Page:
Mars rises just after midnight at 12:17 a.m. on May 30. It is in the constellation Capricorn, and by 4:56 a.m., it will be 27 degrees above the horizon, its highest point for the night. It, too, is bright, and its red color makes it easily discernable.

For eastern Australia, Mars comes up around 9 p.m. local time. Like Jupiter and Saturn, it will be very high in the sky; it reaches nearly 78 degrees when it crosses the meridian, the highest point, at about 3:56 a.m. the morning of May 30.  

Planets are easy targets for citybound skywatchers, but a quick trip to a suburb or the countryside can serve up darker skies that offer more to see – though, as noted, the full moon will make seeing fainter objects harder. That said, in May, the traditional winter constellations make way for those of summer. 

Constellations ancient and modern grace the skies year round. Let's see what you know about the star patterns that appear overhead every night.
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Constellation Quiz: What's Your Cosmic IQ?
Constellations ancient and modern grace the skies year round. Let's see what you know about the star patterns that appear overhead every night.
Constellations of Autumn
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Gemini, a prominent constellation for Northern Hemisphere observers in the winter (and the constellation where you'll find Venus), sets in the late evening, marked by its brightest stars, Castor and Pollux. Located some 51 light-years away from Earth, Castor is actually a group of six stars that are so close together that they look like a single star. Using a small, amateur telescope, you can see the star as a binary, and a larger one can resolve a third star in the group. (The others can only be seen with a spectroscope.) 

Following the zodiac eastward, one can see the constellations Leo (the Lion) and Virgo. The constellation Libra follows Virgo, though on a full-moon night, only a few of the stars in this constellation will be visible, since most are relatively faint. 

By 10 p.m. New York time, the Summer Triangle, made up of the stars Altair, Vega and Deneb, will clear the horizon. As its name implies, the Summer Triangle is mostly visible in the warmer months for viewers in the Northern Hemisphere. Like the Big Dipper, it is an asterism (a recognizable star pattern) rather than a constellation (a region in the sky) and can be used for celestial navigation. The three stars make a triangle, with the shortest side linking Deneb and Vega, and if one imagines Altair at the tip, it makes a shape that always points south. (For Southern Hemisphere observers, it points roughly north). Deneb is in the constellation Cygnus the swan, and it also shares its portion of the sky with the Milky Way, which is almost invisible to observers in cities. 

The Milky Way is made of stars too numerous to see as individual objects and shows where the plane of our galaxy is. If one follows the Milky Way from Cygnus, one reaches Cassiopeia, a "W" shape that points up in the premidnight hours. Cassiopeia is one of the constellations that never sets in the northern U.S. It is almost directly on the opposite side of Polaris, the pole star, from the Big Dipper — an asterism in the constellation of Ursa Major, the Great Bear – making it a useful way to find Polaris if the Dipper isn't visible.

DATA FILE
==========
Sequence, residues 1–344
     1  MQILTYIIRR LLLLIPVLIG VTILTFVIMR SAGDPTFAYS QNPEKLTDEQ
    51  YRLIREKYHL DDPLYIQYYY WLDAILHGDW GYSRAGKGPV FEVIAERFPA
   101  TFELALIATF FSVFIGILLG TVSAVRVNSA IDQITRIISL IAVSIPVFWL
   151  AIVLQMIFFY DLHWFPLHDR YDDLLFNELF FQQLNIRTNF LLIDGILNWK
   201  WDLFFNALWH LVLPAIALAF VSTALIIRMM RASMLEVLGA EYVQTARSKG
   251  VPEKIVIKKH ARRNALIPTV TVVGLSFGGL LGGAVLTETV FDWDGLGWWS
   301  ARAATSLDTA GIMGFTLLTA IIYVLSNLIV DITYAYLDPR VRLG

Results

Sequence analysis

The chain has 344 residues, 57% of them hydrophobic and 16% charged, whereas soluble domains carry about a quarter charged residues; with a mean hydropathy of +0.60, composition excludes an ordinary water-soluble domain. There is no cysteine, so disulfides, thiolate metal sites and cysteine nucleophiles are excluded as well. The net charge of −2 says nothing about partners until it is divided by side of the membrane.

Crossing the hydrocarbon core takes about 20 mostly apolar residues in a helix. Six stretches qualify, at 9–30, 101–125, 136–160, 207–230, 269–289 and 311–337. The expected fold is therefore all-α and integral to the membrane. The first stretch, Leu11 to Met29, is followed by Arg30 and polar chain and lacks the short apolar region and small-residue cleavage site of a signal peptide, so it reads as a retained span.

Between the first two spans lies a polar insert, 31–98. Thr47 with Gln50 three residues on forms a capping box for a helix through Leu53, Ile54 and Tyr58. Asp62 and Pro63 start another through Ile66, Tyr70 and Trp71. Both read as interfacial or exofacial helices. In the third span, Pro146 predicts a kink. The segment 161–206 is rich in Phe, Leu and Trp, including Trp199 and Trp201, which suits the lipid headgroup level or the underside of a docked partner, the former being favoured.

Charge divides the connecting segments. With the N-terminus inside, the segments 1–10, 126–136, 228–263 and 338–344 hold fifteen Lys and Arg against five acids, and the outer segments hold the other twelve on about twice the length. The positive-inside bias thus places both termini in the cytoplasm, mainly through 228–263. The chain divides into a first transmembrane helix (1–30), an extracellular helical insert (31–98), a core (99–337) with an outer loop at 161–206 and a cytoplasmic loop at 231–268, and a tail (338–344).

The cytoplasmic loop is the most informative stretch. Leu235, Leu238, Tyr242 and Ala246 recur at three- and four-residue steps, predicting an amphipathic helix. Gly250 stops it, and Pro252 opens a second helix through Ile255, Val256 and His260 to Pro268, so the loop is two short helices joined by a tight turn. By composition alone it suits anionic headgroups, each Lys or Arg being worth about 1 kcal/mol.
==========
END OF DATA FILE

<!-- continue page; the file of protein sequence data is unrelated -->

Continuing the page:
The full Flower Moon will occur on May 29, 2018.
The full Flower Moon will occur on May 29, 2018.
Credit: Shutterstock

The May full moon has some evocative names. The Old Farmer's Almanac calls it the Flower Moon, which is similar to what many Algonquin-speaking peoples in what is now the northeastern U.S. called it. Other native people had different names for it, though. According to the Ontario Native Literacy Coalition, the Cree in Montana and Canada called it a Frog Moon, since that was the time of year when the amphibians became active. 

Chinese lunar calendars say May's full moon falls in the fourth month, called Huáiyuè, the Locust Tree month, for when the eponymous trees blossom. [Full Moon Names 2018: From Wolf Moons to Cold Moons]

Jewish and Muslim lunar calendars both begin their months near the time of the new moon, which happened on May 15. This month's full moon falls in the middle of the Hebrew month of Sivan. For observant Muslims, the month of Ramadan begins on May 16 (just after the new moon), and during that time, they fast from sunrise to sunset. May's full moon will mark the halfway point of the holiday. 

In the Southern Hemisphere, names for full moons were associated with the coming of winter rather than summer. The Māori, for example, provided the following description for the lunar month of Pipiri, which occurred from May to June: "all things on earth are contracted because of the cold," according to the Encyclopedia of New Zealand

Editor's Note: If you capture an amazing photo of the Pink Moon and want to share it with Space.com for a story or gallery, please send images and comments in to managing editor Tariq Malik at spacephotos@space.com.